by JEROME ELLISON
Danny, citizen of Detroit, U.S.A., has cost his city $18,500 since
1928, as a living discard. There are 400,000 like him on those
human junk heaps called “skid row.” Some live in your city, at
your expense, to the menace of your health – and conscience.
Roy Sutherland and Ted Thieda, plain-clothes cops on the skid-row detail of the First Precinct Detroit police, are known to vagrants throughout the Midwest as “The Ragpickers.” Their job is to keep depravity in their precinct from becoming too assertively public. A tour of duty with them adds color to a national embarrassment city council calls “The Skid-Row Problem.”
Sutherland is a short roly-poly man in his fifties, with a shock of curly white hair, a full, ruddy face and amiable blue eyes behind steel-rimmed spectacles. He wears a brown business suit on the job and is always chewing an unlit cigar. Thieda, a tall, muscular man in his forties, is the athlete of the pair. They work from a worn, unmarked city car. Sutherland, as senior, does most of the talking.
“There’s one.” We were hardly five minutes out of headquarters, cruising Michigan Avenue. We pulled over to the curb and parked. A man was prone in an alley. Sutherland and I went over to him. Thieda went to have a look up the street.
The unconscious man was around fifty, with sandy brown hair, a blotchy red skin and a beard of many days. His face was streaked with clotted blood from a gash on his forehead. An unlabeled pint bottle containing a pinkish fluid lay at his side. He wore work shoes without socks, soiled khaki trousers and a soot-blackened shirt. A blended stench of bodily excretions rose from him.
“Well,” Sutherland said, “darn if it isn’t Danny. I’ll tell you later about Danny…Come on, fella.” He pointed to the man’s hands. “See the pink stains between the fingers? Canned heat.”
Thieda returned.”Three more around the corner. Call the wagon?”
Sutherland nodded, and told me what he knew about Danny. Since June 17, 1828, Danny had been arrested for drunkenness and vagrancy 128 times. He’d spent 4020 days in the Detroit House of Correction. In arrests, court appearances, jail keep, medical and hospital care he had cost the community $18,500. “You see what I mean?” Sutherland said. “How discouraging?”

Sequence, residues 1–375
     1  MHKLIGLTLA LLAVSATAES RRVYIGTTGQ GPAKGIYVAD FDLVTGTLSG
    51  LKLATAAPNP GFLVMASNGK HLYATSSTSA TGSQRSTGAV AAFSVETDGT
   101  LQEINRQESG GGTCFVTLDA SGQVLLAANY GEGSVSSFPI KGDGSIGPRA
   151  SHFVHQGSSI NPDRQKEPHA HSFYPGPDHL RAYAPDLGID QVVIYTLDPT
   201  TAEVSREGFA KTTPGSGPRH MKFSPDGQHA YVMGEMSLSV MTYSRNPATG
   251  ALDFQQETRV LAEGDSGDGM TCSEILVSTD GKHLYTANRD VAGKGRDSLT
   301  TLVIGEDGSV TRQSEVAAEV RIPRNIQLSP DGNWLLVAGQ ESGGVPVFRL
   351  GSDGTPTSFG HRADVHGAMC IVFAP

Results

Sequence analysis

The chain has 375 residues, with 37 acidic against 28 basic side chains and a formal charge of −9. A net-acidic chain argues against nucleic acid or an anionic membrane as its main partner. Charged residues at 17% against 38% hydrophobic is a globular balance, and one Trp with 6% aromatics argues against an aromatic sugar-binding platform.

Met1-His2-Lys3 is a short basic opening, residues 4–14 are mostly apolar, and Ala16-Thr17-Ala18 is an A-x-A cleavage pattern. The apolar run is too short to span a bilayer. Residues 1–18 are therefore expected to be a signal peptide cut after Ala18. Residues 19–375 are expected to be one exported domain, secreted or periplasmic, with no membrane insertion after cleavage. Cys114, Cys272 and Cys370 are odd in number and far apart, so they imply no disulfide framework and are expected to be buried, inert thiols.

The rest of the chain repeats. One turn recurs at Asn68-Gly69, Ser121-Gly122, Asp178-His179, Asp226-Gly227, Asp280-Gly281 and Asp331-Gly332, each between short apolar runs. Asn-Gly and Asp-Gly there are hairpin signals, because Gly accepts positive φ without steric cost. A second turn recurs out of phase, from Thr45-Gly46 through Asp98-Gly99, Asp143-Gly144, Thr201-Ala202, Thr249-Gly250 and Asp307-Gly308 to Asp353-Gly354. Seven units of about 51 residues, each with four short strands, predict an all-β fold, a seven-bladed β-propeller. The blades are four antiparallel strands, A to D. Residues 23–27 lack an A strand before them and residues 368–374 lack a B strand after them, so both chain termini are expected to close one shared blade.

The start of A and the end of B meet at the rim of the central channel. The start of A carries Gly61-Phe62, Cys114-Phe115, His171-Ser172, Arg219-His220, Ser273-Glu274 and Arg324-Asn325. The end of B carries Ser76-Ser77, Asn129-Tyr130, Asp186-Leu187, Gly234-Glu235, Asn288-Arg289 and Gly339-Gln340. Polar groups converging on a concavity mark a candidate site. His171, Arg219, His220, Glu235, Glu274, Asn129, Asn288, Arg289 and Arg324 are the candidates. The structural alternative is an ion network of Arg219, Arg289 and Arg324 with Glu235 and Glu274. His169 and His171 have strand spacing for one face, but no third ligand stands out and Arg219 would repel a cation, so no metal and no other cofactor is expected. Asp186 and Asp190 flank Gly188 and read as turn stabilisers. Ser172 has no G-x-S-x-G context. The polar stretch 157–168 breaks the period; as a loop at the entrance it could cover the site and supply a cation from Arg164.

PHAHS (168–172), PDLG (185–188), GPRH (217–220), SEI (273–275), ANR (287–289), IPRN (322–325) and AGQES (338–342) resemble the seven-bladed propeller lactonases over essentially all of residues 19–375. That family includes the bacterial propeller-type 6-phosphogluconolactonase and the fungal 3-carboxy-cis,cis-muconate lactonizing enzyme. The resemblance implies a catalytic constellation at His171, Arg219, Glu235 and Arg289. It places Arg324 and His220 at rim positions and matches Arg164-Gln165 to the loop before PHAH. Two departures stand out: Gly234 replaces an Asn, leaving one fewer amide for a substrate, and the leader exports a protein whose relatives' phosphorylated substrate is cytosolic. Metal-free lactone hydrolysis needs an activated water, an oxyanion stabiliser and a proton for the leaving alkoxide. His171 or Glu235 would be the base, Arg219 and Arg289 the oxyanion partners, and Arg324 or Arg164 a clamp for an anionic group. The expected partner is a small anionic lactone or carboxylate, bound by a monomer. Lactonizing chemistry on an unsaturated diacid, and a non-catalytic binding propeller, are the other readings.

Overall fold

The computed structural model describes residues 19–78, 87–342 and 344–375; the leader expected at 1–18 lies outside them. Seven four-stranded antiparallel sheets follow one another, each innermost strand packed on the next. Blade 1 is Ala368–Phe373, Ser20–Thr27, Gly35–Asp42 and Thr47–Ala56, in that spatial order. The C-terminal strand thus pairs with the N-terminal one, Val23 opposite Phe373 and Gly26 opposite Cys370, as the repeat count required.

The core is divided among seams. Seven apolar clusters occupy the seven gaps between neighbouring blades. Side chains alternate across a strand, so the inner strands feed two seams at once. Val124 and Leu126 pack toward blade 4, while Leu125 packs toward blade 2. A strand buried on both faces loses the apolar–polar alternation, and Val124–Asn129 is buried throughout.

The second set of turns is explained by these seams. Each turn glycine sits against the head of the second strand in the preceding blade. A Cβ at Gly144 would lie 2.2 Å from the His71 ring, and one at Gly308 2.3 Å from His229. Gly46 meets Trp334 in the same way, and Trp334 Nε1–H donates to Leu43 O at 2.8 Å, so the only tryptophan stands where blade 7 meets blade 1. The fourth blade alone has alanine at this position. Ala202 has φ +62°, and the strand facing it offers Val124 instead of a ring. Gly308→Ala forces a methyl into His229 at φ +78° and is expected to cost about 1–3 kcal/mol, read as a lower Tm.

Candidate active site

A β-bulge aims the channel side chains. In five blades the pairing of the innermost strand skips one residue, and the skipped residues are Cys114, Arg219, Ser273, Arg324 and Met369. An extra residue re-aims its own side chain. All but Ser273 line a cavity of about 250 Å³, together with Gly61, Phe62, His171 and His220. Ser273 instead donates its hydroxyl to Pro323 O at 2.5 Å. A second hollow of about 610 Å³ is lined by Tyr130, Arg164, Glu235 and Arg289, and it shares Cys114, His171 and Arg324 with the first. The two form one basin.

In a few minutes the wagon came. Two uniformed policemen from the wagon roused the four men, loaded them and drove off – for Danny, it was the 129th time. We resumed our tour.
“Funny thing,” Sutherland said. “I’ve been on this job twelve years, without anybody paying much attention. And now just lately there’s been an awful lot of interest.”
That “awful lot of interest” goes for many other cities. By sheer pressure of horror, civic embarrassment and community expense, skid row has pushed itself to the forefront among our major municipal problems. In the past three years, mayor’s skid-row committees have been formed in New York, Chicago, Detroit and half a dozen smaller cities. Under the label “homeless man,” the human derelict is now receiving scholarly attention, to find out what made him homeless, and what can be done.
By the best estimates I can come up with, at least 400,000 men are leading a skid-row life. They cost taxpayers at least $40,000,000 a year. If all were working, their tax contributions would be at least $165,000,000, a year, so the economic stakes are large. The humanitarian stakes are larger. There are things a citizen cannot allow to pass without protest and still retain his self-respect. These things occur daily along skid-row. My tour with the Detroit plain-clothes men revealed the kind of slum-within-slums that shakes the claim to civilization of even the most civilized American cities.
It also revealed that men can come back from skid-row. Eddie Rohan, a pleasant-faced fifty-four-year-old Irish-American who lives in Detroit, is a case in point. Statistically speaking, Eddie has returned from the dead. For a quarter century he lived either on the Avenue or in the Detroit House of Correction, a guest of the city because of drunkenness. The normal end of the likes of Eddie used to be either the Wayne County Hospital-for the insane-or the Wayne County Morgue. He is one of the 250 exhibits cited to prove the Motor City’s contention that skid row can be abolished.
This view is not universally held, and a session at a big-city magistrate’s bench helps explain why. I recently followed a batch of a dozen derelicts from their pass-out points, through the city jail, to the courtroom and sentence. Lined up in an unsteady row at the bar of justice, they highlighted the whole tragedy of skid row. Even the judge was moved. He shook his head. “Why do they do it?”
The Promise of Detroit’s Program
The judge had cards on each man, listing previous terms served on the same charge, drunkenness. Twenty-five to fifty terms were not unusual; none had fewer than eight. He ruled,”Thirty days for all.” Many, he knew, would be passed out in some filthy alley within a few days after serving their terms. That’s why so many experienced public officials say, “Skid row is hopeless.”